Plett Rage 'absolutely can’t go ahead', says top SA professor
“Plett Rage should be cancelled or postponed. It absolutely can’t go ahead next month.”
So said Prof Lucille Blumberg, part of the Scientists Collective, a group of SA's leading medical scientists and academics providing the public with credible information on Covid-19.
She was responding to the news that Ballito Rage — officially attended by 1,900 matriculants — was a coronavirus superspreader event.
“The organisers may have had the best intentions with regard to enforcing Covid protocols but, in reality, there was no mitigating risk with that type of event,” she said.
Plett Rage organisers have halted tickets sales but have stopped short of calling off the event, which, in August, was postponed to late January 2021.
“It's with heavy hearts that we have received the news that many Ragers attending Durban Rage have tested positive for Covid-19,” they said in a Facebook post on Sunday. “We cannot be sure at this time what impact this will have on Plett Rage. We can, however, say that we are in constant communication with the officials in Plettenberg Bay and will only act in the safety interest of our Ragers and staff.
“We will be making further announcements in the coming days.”
On Monday, the organisers of the Rage festivals said all events planned for 2020 and 2021 have been postponed until further notice.
Organisers of Rage Ballito, which appears to have taken place mainly at Durban venues this year, said in a statement that they got the go-ahead from “the local health department and the Durban events department” before the event, having submitted an 86-page document outlining their Covid-19 protocols.
“We had to comply with more than 20 additional regulations to obtain approval, which was obtained,” they said.
This included daily Covid-19 pre-screening through the Keep. Out. Covid app, strict mask protocols, cashless payments, staff and performers wearing PPE and Red Frog volunteers enforcing Covid-19 compliance at every venue.
Despite that, many teens and at least four suppliers’ employees have since tested positive.
“We have sent several alerts directly to all attendees and their legal guardians they provided as next of kin and have supplied all contact tracing information to the Department of Health,” the organisers said.
The Rage events have brought the lives vs livelihoods debate into sharp focus.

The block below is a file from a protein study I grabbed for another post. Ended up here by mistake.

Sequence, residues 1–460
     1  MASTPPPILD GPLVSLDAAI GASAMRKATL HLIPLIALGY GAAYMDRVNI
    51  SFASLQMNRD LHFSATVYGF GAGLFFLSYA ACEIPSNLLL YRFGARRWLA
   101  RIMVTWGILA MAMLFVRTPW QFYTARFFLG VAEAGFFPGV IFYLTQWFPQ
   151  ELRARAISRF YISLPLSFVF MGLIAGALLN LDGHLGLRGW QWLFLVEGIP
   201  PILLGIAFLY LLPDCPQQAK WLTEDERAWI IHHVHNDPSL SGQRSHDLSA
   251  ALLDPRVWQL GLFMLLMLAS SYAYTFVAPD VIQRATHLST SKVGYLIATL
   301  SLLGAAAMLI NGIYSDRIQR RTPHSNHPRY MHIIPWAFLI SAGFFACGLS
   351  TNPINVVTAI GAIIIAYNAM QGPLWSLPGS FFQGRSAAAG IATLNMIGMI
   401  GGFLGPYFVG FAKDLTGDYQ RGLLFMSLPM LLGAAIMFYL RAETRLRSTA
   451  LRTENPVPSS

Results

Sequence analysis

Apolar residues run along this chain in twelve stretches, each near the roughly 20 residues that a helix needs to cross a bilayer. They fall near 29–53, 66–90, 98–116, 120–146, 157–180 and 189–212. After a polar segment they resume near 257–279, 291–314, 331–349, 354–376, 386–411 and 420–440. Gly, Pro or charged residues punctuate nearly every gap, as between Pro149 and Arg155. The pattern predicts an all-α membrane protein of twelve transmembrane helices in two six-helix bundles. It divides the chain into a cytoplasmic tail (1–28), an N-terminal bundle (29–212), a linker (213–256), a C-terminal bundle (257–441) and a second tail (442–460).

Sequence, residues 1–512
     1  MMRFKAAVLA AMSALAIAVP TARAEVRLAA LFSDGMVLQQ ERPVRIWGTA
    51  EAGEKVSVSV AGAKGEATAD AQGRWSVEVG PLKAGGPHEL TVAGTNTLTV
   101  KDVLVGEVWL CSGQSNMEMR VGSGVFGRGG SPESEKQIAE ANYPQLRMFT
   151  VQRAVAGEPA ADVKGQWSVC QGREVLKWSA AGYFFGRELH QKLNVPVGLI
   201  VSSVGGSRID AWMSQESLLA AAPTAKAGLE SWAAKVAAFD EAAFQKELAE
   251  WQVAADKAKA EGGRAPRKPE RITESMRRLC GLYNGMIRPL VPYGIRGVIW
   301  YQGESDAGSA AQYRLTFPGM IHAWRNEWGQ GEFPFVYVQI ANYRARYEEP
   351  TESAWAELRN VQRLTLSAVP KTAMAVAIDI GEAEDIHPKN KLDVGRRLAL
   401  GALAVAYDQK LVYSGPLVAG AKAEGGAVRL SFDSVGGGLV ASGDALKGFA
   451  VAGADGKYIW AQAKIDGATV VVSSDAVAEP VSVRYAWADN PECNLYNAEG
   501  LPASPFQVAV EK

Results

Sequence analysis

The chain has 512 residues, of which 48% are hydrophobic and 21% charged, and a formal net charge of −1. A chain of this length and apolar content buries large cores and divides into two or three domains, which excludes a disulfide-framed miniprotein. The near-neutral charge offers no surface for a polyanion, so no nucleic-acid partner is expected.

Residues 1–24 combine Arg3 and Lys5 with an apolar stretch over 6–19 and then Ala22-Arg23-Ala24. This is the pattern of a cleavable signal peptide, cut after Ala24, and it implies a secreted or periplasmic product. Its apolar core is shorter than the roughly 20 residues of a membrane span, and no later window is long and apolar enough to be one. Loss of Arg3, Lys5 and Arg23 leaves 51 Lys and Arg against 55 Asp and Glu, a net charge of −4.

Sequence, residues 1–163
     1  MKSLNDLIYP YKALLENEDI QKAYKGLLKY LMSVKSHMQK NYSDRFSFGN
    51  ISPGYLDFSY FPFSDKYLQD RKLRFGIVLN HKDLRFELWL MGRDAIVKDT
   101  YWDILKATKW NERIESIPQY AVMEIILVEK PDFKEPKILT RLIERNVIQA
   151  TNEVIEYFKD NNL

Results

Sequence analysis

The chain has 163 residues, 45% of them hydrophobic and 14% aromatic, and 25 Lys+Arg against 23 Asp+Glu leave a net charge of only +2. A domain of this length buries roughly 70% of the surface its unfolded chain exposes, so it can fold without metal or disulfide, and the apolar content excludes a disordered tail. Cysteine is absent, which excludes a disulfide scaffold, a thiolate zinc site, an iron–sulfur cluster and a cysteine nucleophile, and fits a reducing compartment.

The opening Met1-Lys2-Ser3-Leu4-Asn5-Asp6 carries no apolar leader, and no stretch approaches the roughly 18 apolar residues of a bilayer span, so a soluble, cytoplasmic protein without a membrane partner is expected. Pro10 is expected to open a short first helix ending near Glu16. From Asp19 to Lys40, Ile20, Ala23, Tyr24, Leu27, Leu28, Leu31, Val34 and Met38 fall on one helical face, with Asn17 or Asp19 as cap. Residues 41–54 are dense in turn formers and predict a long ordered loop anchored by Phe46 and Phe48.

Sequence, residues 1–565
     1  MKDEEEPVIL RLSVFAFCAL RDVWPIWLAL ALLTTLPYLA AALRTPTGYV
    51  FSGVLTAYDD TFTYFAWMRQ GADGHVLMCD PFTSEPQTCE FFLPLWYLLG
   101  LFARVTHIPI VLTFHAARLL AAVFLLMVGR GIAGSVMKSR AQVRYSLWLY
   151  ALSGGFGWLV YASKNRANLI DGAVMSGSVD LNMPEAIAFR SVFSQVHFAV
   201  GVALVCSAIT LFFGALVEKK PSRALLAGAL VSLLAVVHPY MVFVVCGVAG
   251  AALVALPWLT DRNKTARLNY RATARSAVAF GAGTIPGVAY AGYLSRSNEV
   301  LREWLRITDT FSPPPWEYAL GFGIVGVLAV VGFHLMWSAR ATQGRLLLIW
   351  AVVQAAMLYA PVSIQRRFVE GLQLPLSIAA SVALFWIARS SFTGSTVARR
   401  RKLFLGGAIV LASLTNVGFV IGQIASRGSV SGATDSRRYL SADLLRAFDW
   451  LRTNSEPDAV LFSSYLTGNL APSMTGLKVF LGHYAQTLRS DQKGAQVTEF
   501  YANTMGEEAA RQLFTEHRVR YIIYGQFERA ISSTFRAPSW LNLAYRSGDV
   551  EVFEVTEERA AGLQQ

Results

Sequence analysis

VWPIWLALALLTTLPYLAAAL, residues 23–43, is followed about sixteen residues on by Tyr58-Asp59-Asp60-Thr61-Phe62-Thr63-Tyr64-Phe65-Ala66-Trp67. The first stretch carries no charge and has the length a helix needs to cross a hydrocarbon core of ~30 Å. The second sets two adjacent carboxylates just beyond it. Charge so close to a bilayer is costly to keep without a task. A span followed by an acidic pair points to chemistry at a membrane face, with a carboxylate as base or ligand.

“Easy to sit and pass judgment when you have a guaranteed salary every month,” Micaela Mclean commented on the Plett Rage Facebook post in response to calls to cancel the event outright. “These event organisers also have families to feed.”
Last week, before news of Rage Ballito coronavirus infections came to light, TimesLIVE asked Rage Plett founder Ronen Klugman if he was concerned about the health risk of staging the event, given that the Garden Route has been identified as a coronavirus hotspot.
“If I were not concerned I would not be human,” he said. “I don't quite think you understand the pressure some people are under in this industry just to keep a roof over their heads and feed their families. I personally know of people who have not earned a cent since March.
“The constant changing environment is very unsettling to us and our suppliers and the uncertainty about our ability to trade and earn a living causes more anxiety than you could imagine.
“So yes, I am concerned; I am concerned for my staff, for my suppliers for so many who are on their knees. And I am concerned for those who have no choice but to put their boots on and go to work in our industry, and risk catching the virus, some who are now sick in ICU ... some have died.”
On the question of refunds, Klugman is on record as saying that a 50% refund of tickets purchased is fair.
“Many events and concerts have offered little to no refunds,” he said. “Besides the eight permanent employees for the full year, we continue to have lease, deposits and other financial commitments. We are committed to using the funds to continue employment and supporting the industry.”
Last week Klugman said “a number” of those who had requested refunds — and could prove that they could not attend the late-January event for reasons including tertiary studies, a comorbidity risk or leaving the country — had received a 75% discount.
“In each instance we require evidentiary proof,” he said.